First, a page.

Now, the common argument against this is that these were laws specifically directed towards Israel that were applicable for them at that point in time. All right, but if you use that argument, you can’t use Leviticus to justify homophobia. If you think that our morality has evolved when it comes to dietary restrictions, bodily functions and so on, then it has similarly evolved for sexuality. But if you think morality is static and that “the word of the Lord stands forever” (Isaiah 40:8), then you should be willing to obey all those other restrictions and commands as well. You can’t have it both ways.

I like eating cherries but cherry-picking arguments are an abomination to me. Away from me, heathens.

Originally published in Sunstar Davao.

Send me your thoughts at andy@freethinking.me. View previous articles at www.freethinking.me.

A Not-So-Perfect Jesus

Photo Credit: dangerismycat via Compfight cc
Photo Credit: dangerismycat via Compfight cc

Most Christians look at Jesus as the perfect human — perfect God and perfect man. Everything he did while he was on earth was good and right and true. Jesus is regarded as a maverick, championing human rights, women’s rights, and racial equality way ahead of his time.

I was reading a “random lunchtime reflection” of my Christian friend, Nate, who was musing on the persecution and discrimination of minorities. He recalled the story of Jesus and the Samaritan woman (John 4) who initially refused to give him a drink on the basis of their racial enmity. But, Nate concludes, “Jesus offers her not only salvation but interestingly, also equality and freedom…”

I used to think like this as well. Jesus was my ultimate hero, my idol, and there was nothing he did that could possibly be wrong because he was, well, God in the flesh. When I began stripping away my beliefs, Jesus was one of the last to go, because he was the one that I had a supposed relationship with. But as I distanced myself, I began to read many of the stories more critically than I did before.

(Disclaimer: I will be discussing the stories about Jesus AS IF they actually happened. I have reasons to think they might not have happened the way they were narrated, if they happened at all, but that is another story.)

The anecdote about Jesus and the Samaritan woman does seem to imply that Jesus wasn’t a racist. However, there is this other story in Matthew 15:21-28 where a Caananite woman came to Jesus and asked him to heal her daughter from demon possession. Jesus initially doesn’t mind her, but she was persistent. His disciples finally asked him to send her away.

Then Jesus told the woman,“I was sent only to the lost sheep of Israel.”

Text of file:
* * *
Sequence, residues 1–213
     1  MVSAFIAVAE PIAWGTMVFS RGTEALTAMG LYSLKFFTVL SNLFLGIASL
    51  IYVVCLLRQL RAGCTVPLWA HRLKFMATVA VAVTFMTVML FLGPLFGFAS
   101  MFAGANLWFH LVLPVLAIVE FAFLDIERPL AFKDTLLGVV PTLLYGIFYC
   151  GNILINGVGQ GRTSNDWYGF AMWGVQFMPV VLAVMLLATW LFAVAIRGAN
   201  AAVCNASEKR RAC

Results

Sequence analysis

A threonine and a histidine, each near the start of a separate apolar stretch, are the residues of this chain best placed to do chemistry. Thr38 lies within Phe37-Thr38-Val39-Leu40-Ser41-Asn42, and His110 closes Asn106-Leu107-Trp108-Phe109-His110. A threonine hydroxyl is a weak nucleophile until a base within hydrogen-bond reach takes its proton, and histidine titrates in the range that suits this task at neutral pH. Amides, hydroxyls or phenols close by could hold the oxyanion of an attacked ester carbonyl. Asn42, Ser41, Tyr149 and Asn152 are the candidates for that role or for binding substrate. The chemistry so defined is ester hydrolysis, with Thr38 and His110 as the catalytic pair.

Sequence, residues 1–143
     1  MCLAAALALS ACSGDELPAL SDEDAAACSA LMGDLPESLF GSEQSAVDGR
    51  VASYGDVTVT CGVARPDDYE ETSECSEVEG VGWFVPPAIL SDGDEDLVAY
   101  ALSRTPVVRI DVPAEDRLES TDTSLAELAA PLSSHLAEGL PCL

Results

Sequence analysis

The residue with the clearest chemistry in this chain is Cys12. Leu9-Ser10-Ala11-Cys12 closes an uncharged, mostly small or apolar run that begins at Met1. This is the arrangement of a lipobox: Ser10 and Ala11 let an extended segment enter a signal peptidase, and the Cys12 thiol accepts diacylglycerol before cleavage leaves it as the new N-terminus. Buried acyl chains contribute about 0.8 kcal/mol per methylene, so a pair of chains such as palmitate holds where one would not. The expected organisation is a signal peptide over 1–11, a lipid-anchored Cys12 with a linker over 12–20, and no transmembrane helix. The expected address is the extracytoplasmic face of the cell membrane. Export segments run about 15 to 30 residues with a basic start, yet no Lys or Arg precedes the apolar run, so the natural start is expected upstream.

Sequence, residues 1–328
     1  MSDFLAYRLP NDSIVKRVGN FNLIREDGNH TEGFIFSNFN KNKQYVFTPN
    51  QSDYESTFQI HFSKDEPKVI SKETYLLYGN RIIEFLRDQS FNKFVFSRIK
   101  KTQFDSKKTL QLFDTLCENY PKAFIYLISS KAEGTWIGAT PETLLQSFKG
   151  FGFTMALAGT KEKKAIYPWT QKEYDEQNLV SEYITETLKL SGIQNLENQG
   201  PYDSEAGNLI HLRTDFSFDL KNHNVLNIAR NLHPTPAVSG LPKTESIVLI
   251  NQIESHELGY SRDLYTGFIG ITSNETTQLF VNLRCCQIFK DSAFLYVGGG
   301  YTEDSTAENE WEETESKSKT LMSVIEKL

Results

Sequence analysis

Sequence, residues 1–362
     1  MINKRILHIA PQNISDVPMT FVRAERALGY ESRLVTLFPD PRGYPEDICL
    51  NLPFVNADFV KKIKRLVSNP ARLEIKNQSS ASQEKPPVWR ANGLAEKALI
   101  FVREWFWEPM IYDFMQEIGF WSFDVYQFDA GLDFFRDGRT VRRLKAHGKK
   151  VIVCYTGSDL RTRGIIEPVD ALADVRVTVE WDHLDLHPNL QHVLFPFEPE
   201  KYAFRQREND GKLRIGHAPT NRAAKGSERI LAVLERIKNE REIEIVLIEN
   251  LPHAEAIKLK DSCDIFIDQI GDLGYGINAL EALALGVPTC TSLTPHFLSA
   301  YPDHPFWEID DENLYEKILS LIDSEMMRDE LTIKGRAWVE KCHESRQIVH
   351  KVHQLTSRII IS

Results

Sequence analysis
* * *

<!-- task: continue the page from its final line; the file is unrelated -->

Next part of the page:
Still the woman persisted, so he said, “It is not right to take the children’s bread and toss it to the dogs.”

To which the woman replied, “Even the dogs eat the crumbs that fall from their master’s table.”

Jesus was then amazed at the woman’s faith and proclaimed her daughter as healed.

I used this story to mess around with Nate’s head a bit, to present another story showing Jesus was not as racially unprejudiced as he thought. The story shows snobbish, supremacist Jesus who wouldn’t give the time of day to this woman he equates to a dog. It is probably only the woman’s witty reply that saves her and makes him change his mind. But what if she had just scurried away at his stinging remark? Would her daughter still be healed?

The usual apologist explanation to this story would be something along the lines of Jesus making that remark on purpose in order to draw out the woman’s faith. Now, if you are a Christian, you would, of course, be inclined to accept this and be thankful even that such a wonderful explanation existed. It just doesn’t make sense for me though. Besides, this is not the only passage that shows Jesus favoring the Jews.

Another passage I find really uncharacteristic of a sane person can be found in Mark 11:12-14:

“The next day as they were leaving Bethany, Jesus was hungry. Seeing in the distance a fig tree in leaf, he went to find out if it had any fruit. When he reached it, he found nothing but leaves, because it was not the season for figs. Then he said to the tree, ‘May no one ever eat fruit from you again.’ And his disciples heard him say it.”

The story goes on to say that when they passed the tree again the next day, it had withered and the disciples were amazed.

So let’s get this straight. The perfect God-man sees a fig tree that didn’t have figs (because it wasn’t the season for them) and goes into a little tantrum because he was hungry and curses the tree to die.

Sounds legit.

(Yes, I’ve read the various apologist commentaries on this passage. No, they are not really that satisfying, unless you are already predisposed to believing them anyway, because the alternative is simply unthinkable for you at this moment in time.)

Originally published in Sunstar Davao.

Send me your thoughts at andy@freethinking.me. View previous articles at www.freethinking.me.